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The Nokia Test, extended with scoring by Jeff Sutherland


Nokia has several hundred Scrum Teams. In 2005 Bas Vodde, agile pioneer and coach within Nokia Networks, started to develop a test so that they could quickly asses the status of any team claiming to do iterative and agile software development. 2007 he tuned the test to a simple 8 question yes/no test including Scrum practices. The people at Nokia say that test saved them so much pain and confusion over so many years, they would not be without it.

In 2008, Scrum co-creator Jeff Sutherland extended the pass/no pass test with a scoring system, giving you a rating from 0-10. In 2009 he added a Team question to the test. Jeff Sutherland has been involved in creating some of the most productive and profitable software development companies ever. Perhaps most notably with PatientKeeper where he was the CTO. Currently he works with openview venture partners to help investors make money by only investing in companies with state of the art software development capabilities. So, his opinion on what makes a good Scrum is well worth listening to.

If you want to see how your Scrum implementation measures up to Nokia & Jeff Sutherland's standards, just fill out the form below and click submit!

Select the answer to the question by clicking in the circle in front of the best choice.

  1. Describe your iterations
    We do not use iterations
    Iteration length is > 6 weeks
    Iteration length is variable but < 6 weeks
    Fixed iteration length 6 weeks
    Fixed iteration length 5 weeks
    Fixed iteration length 4 weeks or less

  2. Describe your testing

    We do not have any dedicated QA
    At the end of an iteration software is unit tested
    At the end of an iteration software is feature tested
    Features are tested as soon as they are completed (during iteration)
    At the end of an iteration software passes acceptance testing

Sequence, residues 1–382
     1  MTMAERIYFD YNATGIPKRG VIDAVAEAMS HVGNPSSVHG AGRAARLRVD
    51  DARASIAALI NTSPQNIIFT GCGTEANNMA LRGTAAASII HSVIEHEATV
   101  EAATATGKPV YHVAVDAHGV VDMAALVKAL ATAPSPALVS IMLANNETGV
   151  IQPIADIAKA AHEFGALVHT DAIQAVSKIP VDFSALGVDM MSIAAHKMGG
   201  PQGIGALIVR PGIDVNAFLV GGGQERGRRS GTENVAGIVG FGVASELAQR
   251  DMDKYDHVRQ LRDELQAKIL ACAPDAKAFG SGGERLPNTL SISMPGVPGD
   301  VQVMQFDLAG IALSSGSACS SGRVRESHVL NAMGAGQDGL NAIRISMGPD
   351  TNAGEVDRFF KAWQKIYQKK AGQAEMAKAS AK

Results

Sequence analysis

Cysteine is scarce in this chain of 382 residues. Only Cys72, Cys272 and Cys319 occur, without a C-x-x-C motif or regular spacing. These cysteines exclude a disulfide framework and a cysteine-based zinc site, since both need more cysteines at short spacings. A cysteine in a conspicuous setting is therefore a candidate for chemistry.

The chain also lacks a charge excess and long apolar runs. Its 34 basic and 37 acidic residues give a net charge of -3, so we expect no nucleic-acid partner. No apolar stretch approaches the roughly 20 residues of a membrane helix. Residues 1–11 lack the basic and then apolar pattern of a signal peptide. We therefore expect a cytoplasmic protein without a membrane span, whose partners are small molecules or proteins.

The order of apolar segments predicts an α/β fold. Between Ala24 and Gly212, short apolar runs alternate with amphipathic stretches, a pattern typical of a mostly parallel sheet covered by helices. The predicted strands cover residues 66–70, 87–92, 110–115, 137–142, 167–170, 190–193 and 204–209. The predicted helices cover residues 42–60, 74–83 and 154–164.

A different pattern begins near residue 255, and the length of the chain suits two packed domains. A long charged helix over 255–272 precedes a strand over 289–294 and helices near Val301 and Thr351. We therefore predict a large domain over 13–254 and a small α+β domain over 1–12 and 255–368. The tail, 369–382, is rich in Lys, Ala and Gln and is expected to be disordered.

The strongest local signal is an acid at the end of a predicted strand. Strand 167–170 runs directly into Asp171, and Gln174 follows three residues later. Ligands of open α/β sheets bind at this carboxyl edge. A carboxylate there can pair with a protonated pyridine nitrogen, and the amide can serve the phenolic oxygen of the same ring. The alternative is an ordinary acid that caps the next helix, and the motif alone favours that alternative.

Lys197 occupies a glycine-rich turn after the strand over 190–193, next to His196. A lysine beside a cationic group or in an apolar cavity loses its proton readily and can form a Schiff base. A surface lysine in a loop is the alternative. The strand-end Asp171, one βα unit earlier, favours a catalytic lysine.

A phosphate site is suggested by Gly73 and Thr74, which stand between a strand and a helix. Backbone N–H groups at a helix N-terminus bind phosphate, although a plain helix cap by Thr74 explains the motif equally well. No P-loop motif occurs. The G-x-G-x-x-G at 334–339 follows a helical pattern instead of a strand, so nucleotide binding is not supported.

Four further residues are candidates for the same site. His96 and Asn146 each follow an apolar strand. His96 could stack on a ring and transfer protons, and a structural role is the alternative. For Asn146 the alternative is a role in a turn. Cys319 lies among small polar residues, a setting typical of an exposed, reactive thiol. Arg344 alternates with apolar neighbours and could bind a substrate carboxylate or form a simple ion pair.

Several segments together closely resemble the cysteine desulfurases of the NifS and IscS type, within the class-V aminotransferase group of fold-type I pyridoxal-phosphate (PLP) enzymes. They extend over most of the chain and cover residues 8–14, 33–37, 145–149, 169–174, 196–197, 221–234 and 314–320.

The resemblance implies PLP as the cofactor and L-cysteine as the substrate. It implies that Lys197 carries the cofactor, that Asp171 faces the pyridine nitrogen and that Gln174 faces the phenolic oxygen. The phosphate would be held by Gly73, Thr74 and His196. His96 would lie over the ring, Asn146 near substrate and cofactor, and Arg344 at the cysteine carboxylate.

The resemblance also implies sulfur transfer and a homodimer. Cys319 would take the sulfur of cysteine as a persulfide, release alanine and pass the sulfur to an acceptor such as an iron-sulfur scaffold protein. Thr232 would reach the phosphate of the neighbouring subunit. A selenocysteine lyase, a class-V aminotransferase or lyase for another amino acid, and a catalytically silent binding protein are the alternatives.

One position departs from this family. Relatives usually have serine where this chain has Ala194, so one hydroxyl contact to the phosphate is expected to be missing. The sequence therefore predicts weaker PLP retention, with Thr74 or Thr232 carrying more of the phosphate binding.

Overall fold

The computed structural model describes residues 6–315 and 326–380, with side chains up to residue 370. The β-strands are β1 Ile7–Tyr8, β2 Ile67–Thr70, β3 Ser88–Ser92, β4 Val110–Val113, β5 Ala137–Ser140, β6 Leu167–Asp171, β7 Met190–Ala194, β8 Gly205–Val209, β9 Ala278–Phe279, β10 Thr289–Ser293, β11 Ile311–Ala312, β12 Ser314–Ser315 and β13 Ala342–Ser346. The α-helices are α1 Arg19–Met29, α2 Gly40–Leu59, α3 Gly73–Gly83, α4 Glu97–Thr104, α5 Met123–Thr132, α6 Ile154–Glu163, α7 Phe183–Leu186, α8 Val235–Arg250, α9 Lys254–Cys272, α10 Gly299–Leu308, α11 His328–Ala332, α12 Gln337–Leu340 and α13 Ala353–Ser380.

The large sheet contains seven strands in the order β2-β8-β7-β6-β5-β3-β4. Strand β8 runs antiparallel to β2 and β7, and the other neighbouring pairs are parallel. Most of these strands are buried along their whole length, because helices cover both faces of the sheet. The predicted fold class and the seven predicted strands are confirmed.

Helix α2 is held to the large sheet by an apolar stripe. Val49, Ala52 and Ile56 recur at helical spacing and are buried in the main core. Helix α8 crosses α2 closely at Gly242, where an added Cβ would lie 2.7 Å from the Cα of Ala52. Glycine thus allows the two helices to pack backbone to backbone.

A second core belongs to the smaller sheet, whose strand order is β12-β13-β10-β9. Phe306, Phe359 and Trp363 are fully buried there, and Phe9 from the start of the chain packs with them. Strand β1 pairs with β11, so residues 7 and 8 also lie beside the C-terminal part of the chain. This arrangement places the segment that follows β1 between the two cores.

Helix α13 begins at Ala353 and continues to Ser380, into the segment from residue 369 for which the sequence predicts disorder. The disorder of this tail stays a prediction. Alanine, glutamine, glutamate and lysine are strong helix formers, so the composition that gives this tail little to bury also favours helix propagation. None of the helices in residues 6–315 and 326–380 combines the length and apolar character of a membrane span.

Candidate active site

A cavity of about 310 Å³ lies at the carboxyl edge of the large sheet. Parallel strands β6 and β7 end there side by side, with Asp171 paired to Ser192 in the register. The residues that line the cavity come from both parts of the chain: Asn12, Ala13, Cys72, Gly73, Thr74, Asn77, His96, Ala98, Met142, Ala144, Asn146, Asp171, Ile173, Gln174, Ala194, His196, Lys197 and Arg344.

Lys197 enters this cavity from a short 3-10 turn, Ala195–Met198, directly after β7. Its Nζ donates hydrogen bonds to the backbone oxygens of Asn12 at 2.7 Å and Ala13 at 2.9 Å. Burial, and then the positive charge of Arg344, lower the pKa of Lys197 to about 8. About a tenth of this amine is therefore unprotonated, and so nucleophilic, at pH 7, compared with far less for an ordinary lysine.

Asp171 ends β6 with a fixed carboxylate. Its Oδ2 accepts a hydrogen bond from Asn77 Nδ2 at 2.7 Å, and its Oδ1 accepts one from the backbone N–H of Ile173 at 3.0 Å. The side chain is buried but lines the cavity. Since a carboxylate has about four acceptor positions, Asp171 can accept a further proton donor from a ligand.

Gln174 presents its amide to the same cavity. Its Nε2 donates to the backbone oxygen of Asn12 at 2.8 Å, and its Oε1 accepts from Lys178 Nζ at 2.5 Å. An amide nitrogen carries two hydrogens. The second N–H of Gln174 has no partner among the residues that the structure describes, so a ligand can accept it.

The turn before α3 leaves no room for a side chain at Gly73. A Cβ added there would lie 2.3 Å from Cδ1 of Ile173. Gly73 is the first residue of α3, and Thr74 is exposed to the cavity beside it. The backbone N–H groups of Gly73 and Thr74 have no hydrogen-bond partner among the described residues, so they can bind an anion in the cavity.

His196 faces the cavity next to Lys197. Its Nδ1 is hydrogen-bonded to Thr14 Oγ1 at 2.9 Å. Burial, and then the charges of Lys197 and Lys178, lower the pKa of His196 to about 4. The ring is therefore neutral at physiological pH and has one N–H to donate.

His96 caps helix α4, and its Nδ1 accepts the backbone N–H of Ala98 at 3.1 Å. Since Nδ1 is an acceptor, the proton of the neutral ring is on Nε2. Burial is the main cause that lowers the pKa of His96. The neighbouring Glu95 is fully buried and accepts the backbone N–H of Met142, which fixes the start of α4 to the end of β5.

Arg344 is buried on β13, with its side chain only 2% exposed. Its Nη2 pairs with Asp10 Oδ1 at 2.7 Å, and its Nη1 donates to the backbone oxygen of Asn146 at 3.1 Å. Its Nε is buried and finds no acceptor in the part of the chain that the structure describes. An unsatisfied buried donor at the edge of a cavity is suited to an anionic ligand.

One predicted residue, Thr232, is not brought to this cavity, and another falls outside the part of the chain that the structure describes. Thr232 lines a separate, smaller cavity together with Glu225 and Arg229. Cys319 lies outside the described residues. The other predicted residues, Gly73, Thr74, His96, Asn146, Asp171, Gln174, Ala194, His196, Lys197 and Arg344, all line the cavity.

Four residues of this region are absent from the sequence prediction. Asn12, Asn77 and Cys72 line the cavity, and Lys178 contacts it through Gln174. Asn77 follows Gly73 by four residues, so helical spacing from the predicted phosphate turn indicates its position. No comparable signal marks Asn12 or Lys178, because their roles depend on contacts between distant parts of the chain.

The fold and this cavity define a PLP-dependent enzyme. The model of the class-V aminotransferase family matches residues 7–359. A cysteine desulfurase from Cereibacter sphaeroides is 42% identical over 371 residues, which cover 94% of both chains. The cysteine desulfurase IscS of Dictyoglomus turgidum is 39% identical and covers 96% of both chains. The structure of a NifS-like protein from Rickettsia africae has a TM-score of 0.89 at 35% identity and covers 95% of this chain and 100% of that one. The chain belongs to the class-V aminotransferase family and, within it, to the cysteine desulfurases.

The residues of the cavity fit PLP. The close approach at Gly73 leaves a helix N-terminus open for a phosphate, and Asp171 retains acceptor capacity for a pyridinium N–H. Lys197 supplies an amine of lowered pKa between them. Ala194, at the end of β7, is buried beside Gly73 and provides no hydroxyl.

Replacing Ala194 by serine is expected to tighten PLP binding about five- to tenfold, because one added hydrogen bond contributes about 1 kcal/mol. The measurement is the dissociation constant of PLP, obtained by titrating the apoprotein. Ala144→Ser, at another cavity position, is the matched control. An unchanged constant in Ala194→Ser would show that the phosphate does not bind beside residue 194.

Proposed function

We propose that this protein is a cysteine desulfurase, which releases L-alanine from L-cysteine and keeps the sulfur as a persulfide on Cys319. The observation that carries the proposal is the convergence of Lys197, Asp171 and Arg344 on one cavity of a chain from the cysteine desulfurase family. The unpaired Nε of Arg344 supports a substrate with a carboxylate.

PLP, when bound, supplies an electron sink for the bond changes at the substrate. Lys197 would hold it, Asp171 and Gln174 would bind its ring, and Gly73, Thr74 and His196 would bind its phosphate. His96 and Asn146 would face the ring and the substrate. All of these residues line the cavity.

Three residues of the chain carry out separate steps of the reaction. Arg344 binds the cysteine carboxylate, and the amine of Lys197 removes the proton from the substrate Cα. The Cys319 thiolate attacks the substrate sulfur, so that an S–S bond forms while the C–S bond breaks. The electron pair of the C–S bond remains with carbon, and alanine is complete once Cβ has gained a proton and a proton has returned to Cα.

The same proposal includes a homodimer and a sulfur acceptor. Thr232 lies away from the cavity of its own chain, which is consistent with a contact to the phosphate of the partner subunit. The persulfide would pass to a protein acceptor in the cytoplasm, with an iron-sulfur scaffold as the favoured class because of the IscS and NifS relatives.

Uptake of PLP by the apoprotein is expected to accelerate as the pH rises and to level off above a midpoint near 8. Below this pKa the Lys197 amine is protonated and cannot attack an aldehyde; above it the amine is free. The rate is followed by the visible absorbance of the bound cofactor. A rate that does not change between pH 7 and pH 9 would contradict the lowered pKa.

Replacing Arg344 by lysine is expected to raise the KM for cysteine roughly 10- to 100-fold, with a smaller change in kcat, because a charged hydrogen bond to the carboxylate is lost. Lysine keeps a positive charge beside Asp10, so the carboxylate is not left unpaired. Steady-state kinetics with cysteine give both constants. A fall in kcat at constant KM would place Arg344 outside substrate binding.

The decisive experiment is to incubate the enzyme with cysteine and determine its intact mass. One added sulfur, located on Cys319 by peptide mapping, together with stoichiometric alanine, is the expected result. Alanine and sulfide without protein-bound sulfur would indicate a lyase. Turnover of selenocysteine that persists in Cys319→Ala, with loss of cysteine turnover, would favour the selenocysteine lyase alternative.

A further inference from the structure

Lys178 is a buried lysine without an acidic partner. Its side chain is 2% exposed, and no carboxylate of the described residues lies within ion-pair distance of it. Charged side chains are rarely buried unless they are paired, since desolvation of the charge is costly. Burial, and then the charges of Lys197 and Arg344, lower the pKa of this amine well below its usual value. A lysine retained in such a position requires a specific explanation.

At the end of an iteration software has been deployed at customer

  3. Describe your requirements at the time an iteration starts

    We do not have any requirements
    We have a big requirement documents
    We have poor user stories
    We have good requirements
    We have good user stories
    We have just enough, just in time specifications
    We have good user stories tied to specifications as needed

  4. What about your Product Owner?

    We have no Product Owner
    We have a Product Owner that do not understand Scrum
    We have a Product Owner who disrupts Team during iterations
    We have a Product Owner who is not involved with Team
    We have a Product Owner with a clear Product Backlog estimated by team before Sprint Planning meeting
    We have a Product Owner with a release roadmap with dates based on Team velocity
    We have a Product Owner who motivates Team

  5. What about your Product Backlog?

    We have no Product Backlog
    We have multiple Produck Backlogs
    We have a single Product Backlog
    The Product Backlog is clearly specified and prioritized by ROI before Sprint Planning
    Product Owner has a release plan based on product backlog
    Product Owner can measure ROI based on real revenue, cost per story point, or other metrics

  6. How about your estimates?

    The Product Backlog is not estimated
    The Product Backlog has estimates not produced by Team
    The Product Backlog has estimates not produced by planning poker
    The Product Backlog has estimates produced by planning poker by Team
    Our estimate error is < 10%

  7. How about your burndown charts?

    We have no burndown charts
    The sprint burndown chart is not updated by the Team
    The sprint burndown chart burns down also for partially completed tasks.
    The sprint burndown chart only burns down when a task is done
    The sprint burndown chart only burns down when a story is done

    Does the Team know its velocity? Yes No

    Is the Product Owner release plan based on known velocity? Yes No

  8. Team disruption

    There are Managers or Project Leaders that disrupt Team during iteration
    The Product Owner disrupt Team during iteration
    Manager, Project Leaders or Team Leaders are telling people what to do
    We have both Project Leader and Scrum roles
    No one is disrupting team, we have only Scrum roles

  9. Team

    Tasks are assigned to individuals during Sprint Planning
    Team members do not have any overlap in their area of expertise
    No emergent leadership - one or more team members designated as a directive authority
    Team does not have the necessary competency
    Team commits collectively to Sprint goal and backlog
    Team members collectively fight impediments during the sprint
    Team is in hyperproductive state

  10. Some optional information for our Nokia Test survey:

    How big is your organisation? 1-24 25-99 100-499 500-4999 > 5000

    Where are you situated?

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